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Negative Binomial Distribution

The experiment in which the trials are repeated until a fixed number (trials) of sucesses occurs is called a negative binomial experiment.In probability theory and statistics the negative binomial distribution is also called a descrete probability distribution of a number of sucess in a sequence of independent and identical distributed Bernoulli trials before a specified (non-random) number of failure occurs.In such a experiment, we find the probability that at least n trials wii be required to get a specific number of k sucess i.e. we find the probability that kthsucess occurs at xthtrial. In other words, we find the probability that there are x failures preceding the kth sucesses in x+k trials.Where x is the random variable which represents the number of trials needed to produce k sucesses is called a negative binomial random variable. Also this random variable X is the inverse of the binomial random variable. This is because in binomial distribution, the number of trials n is kept fixed and the number of sucess X is a random variable, but in negative binomial distribution the number of trials is a random variable and the number of sucesses is fixed. In such a case, a binomial distribution hsa a negative index. Therefore, a binomial distribution with a negative index is called negative binomial distribution.
Thus, a random variable X is said to follow a negative binomial distribution with a parameters k and p if its probability mass function (p.m.f) is
$$P( X = x ) \ = p (x) =\binom{ x + k - 1 }{ k- 1 }p^kq^x\; x = 0, 1, 2, ..., and \ k > 0$$
This distribution is also called waiting time binomial distribution or Pascal disrtibution due to the French Mathematician Blaise Pascal ( 1623 - 62 ).

www.biostars.org figure :- negative binomial distribution
negative binomial distribution
www.biostars.org

Derivation Of Negative Binomial Distribution
Let us consider an experiment consists of n independent trials and having the probability p of sucesses is constant for each trials suppose in a binomial experiment. Suppose the number of failures is represented by X preceeding the kth sucesses in x+k trials.Here the total number of trials ( n ) required to produce k sucesses is n = x + k. Where k represents the fixed number of sucesses required and X is a random variable ( r.v ). Now we need to find out the probability that kthsuccess occurs in x + k trials, which is the probability that exactly x failures preceed the kth success in x + k trials. Here, the last trial must be success with probability p. In remaining x + k - 1 trials, there are k - 1 success whose probability is $$\binom{ x + k - 1 }{ k-1 }$$pk-1qx.
Hence, from multiplication theorem of probability, the probability of x failures preceeding the kth success in x + k trials is given by
$$p(x) \ =\binom{ x+k-1 }{ k-1 }p^kq^x .$$
$$p(x) \ =\binom{ x+k-1 }{ k-1}p^kq^x\; x = 0, 1, 2, .... and \ k > 0$$
we have,
$$\binom{x+k-1}{k-1} \ = \binom{x+k-1}{x}$$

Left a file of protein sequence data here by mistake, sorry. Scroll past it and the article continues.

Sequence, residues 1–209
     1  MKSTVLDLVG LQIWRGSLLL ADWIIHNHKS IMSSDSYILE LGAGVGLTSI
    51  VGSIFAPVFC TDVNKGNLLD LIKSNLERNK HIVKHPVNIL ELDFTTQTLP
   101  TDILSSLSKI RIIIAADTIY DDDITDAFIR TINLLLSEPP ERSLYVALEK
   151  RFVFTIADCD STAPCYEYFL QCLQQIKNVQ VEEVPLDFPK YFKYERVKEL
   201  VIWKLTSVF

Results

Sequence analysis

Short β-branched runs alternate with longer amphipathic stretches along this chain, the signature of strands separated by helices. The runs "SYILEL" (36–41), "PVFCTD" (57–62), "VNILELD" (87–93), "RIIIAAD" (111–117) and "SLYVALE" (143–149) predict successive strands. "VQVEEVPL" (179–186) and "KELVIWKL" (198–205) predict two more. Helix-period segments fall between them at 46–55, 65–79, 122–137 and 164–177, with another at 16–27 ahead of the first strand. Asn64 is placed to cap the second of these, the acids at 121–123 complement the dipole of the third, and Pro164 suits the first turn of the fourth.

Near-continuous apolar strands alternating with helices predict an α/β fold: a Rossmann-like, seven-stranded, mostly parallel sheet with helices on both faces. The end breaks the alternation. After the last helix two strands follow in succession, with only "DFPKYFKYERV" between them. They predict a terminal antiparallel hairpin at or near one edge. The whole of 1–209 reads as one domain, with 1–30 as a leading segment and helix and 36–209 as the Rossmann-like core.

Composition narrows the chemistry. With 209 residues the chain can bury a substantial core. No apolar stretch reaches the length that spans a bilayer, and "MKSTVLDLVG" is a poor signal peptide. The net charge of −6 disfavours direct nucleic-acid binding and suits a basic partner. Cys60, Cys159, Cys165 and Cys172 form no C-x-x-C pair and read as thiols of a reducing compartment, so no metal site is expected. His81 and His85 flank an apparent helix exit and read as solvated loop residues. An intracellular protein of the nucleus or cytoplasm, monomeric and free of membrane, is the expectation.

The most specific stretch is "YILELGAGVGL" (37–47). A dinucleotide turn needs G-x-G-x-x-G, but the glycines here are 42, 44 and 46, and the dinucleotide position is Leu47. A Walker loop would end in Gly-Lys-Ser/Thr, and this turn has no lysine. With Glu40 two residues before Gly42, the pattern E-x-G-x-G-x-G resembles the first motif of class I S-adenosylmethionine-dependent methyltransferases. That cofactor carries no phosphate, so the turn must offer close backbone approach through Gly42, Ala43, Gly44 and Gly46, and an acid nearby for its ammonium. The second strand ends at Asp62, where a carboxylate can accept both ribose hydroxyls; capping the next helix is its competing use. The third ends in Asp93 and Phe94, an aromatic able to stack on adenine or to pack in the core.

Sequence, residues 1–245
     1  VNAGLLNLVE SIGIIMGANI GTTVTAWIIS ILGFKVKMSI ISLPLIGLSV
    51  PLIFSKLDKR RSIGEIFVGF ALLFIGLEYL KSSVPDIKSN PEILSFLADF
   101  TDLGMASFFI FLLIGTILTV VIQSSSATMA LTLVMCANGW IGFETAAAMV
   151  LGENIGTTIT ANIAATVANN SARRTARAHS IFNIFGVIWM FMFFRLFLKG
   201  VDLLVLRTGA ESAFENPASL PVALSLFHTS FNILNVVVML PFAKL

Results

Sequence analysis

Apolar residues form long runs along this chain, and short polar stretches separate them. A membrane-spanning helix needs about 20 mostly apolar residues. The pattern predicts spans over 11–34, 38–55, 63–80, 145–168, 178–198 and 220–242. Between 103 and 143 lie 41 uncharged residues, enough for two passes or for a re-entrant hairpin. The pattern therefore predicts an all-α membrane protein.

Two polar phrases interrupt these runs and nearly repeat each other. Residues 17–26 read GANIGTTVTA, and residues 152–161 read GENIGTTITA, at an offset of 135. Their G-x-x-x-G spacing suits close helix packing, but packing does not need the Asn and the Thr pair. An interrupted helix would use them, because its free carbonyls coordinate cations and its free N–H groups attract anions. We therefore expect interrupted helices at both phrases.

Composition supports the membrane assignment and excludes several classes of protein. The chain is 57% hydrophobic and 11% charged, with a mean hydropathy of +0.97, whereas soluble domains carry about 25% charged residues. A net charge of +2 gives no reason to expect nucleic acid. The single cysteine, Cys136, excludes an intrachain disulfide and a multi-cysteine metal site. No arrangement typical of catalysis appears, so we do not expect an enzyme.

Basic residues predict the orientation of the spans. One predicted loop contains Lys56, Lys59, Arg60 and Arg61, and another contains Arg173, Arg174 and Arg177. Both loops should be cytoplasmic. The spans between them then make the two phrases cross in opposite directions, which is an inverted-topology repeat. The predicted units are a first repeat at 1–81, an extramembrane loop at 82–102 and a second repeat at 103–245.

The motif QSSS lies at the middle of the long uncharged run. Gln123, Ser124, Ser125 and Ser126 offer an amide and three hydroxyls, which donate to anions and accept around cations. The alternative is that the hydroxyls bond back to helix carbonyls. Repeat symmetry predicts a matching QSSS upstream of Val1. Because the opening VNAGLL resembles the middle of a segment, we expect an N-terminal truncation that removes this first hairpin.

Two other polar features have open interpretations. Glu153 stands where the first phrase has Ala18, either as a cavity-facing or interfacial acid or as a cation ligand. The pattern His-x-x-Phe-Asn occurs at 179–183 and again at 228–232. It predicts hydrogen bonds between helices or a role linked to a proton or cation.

= $$\frac{ ( x+k-1 ) ( x+k-2 ) ... ( k+1 )k }{x!}$$
= $$\frac{ ( -1 )x( -k ) ( -k-1 ) ... ( -k-x+2 ) ( -k-x+1 )}{x!}$$
= ( -1 )x$$\binom{ -k }{ x }$$
Therefore,$$p(x) \ = \binom{ -k }{ x} p^k(-q)^x\; x = 0, 1, 2, ... and \ k > 0$$
Which is the ( x+1 )th term in the expression of pk ( 1 - q )-k, a binomial with negative index. This is the reason that this probability distribution is called negative binomial distribution.
We can also use the notation (symbol) X ~ B-( k, p ) or NB ( k, p ) to denote the random variable X follows negative binomial distribution with k and p as parameter. The probability mass function ( p.m.f ) p ( x ) is also sometimes can be written as p( x; k, p ).
It can be verified that
$$\sum_{x=0}^\infty p( x ) \ = p^k\sum_{x=0}^\infty \binom{-k}{x}$$
= pk ( 1- q )-k ( from Taylorseries expansion)
= 1
Alternative form of negative binomial distribution
An alternative form of negative binomialdistribution i.e X ~ B-( k, p ) can be expredssed as the probability that kthsucsess occurs in xthtrials. Since the kthsuccess occurs in the last xth trials whoose probability is p and the( k-1 ) success occurs in the remaining ( x-1 ) trials,$$with\ the \ probability \binom{x-1}{k-1} pk-1 q(x-1)-(k-1 )$$ .
Therefore, the probability of getting kthsuccess in xth trial is given by the product of the two probabilities as
p ( x) = $$\binom{x-1}{k-1}$$ pk-1q(x-1)-(k-1).p
= $$\binom{x-1}{k-1}pk qx-k ; x = k, k+1, ...
thus, the random variable (r.v) X is the total number of trials upto and incliuding the kthsucess and this X has a negative binomial distribution with parameters k ( number of successes required ) and p ( probability of succeess at any trials ).Again, if we assume
p = $$\frac{1}{Q}$$ and q = $$\frac{p}{Q}$$ so that Q - P = 1 as p + q = 1, then
p (x) = $$\binom{-k}{x}$$ Q-k ( $$\frac{-P}{Q}$$ )x ;x = 0, 1, 2, 3, ...
which is the general term in the negative binomial expansion (Q - P)-K.



Bibliography
Sukubhattu N.P. (2013). Probability & Inference - II. Asmita Books Publishers & Distributors (P) Ltd., Kathmandu.
Larson H.J. Introduction to Probability Theory and Statistical Inference. WileyInternational, New York.


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